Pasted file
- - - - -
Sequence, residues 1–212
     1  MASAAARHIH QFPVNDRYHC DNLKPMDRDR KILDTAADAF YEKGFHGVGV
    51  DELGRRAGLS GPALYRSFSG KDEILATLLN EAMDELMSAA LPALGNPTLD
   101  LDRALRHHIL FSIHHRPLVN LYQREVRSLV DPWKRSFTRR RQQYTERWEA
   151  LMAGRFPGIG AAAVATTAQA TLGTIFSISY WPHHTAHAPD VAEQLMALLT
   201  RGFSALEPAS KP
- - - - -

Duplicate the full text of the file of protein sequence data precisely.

Sequence, residues 1–212
     1  MASAAARHIH QFPVNDRYHC DNLKPMDRDR KILDTAADAF YEKGFHGVGV
    51  DELGRRAGLS GPALYRSFSG KDEILATLLN EAMDELMSAA LPALGNPTLD
   101  LDRALRHHIL FSIHHRPLVN LYQREVRSLV DPWKRSFTRR RQQYTERWEA
   151  LMAGRFPGIG AAAVATTAQA TLGTIFSISY WPHHTAHAPD VAEQLMALLT
   201  RGFSALEPAS KP